A full-scale emergency was declared at Stornoway Airport after a military plane suffered a bird strike.
Emergency and rescue services rushed to the airfield just after 2pm on Saturday when the pilot radioed in the alert.
Airport fire crews took up positions at the runway immediately. while reinforcements were summoned from Stornoway.
Ambulance, police and coastguard teams all attended and the Stornoway lifeboat covered the sea area off Holm just beyond the airport’s runway.
Many international military planes have been staging mock air battles off the Western Isles and west coast of Scotland during the biennial Joint Warrior exercises.
Warplanes including Typhoons, Hawk T1s, and long range Poseidons are taking part in the Nato war games, which run until April 24.
The aircraft landed safely, a short time after the emergency was declared, without injury to its three crew.
A spokesperson for the Scottish Fire and Rescue Service said: “There was a full-scale emergency at Stornoway airport. The aircraft landed safely.”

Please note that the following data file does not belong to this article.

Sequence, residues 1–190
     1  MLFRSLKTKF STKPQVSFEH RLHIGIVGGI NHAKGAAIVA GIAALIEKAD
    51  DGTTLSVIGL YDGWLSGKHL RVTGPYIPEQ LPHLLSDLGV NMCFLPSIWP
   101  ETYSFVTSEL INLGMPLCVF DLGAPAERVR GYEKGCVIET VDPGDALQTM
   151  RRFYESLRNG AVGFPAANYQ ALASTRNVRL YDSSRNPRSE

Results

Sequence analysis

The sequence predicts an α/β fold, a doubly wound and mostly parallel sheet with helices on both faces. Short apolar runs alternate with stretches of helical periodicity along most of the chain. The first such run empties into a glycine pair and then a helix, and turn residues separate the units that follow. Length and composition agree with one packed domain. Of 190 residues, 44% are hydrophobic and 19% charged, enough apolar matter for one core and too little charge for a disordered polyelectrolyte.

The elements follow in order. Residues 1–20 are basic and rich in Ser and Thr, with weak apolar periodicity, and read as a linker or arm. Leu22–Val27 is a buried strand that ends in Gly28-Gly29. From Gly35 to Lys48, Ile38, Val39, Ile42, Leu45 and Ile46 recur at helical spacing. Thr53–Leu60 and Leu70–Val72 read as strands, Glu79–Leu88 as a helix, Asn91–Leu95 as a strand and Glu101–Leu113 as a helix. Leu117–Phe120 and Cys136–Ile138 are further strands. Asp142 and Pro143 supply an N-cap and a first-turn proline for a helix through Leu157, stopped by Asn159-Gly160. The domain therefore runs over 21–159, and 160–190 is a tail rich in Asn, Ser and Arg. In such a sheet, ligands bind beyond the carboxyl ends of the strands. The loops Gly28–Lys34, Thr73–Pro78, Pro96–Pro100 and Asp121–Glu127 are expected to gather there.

Stornoway RNLI added: “A military aircraft with three persons on board had suffered a bird strike. Fortunately, the aircraft was able to land safely seven minutes after the lifeboat launched.”
Meanwhile, a military aircraft was diverted from the Joint Warrior exercises to help in the land-and-sea search for the missing skipper of the MFV Louisa, which sank off the Western Isles on April 9.
The crew of the naval helicopter heard how ordinary islanders were scouring the rocky shorelines of bays and inlets around the southern tip of the Outer Hebrides.
More than 3,400 Nato troops are involved in the two-week land, sea and air war games exercises.
A total of 22 ships, four submarines and more than 40 aircraft from a dozen Nato nations and three partner countries are taking part.
There has been increased activity at RAF Lossiemouth in Moray, the Cape Wrath and Benbecula firing ranges and Faslane naval base on the Clyde during the event.
About 1,500 personnel from the Royal Navy, British Army and Royal Air Force are participating, alongside those from across Europe and as far afield as New Zealand and the United States.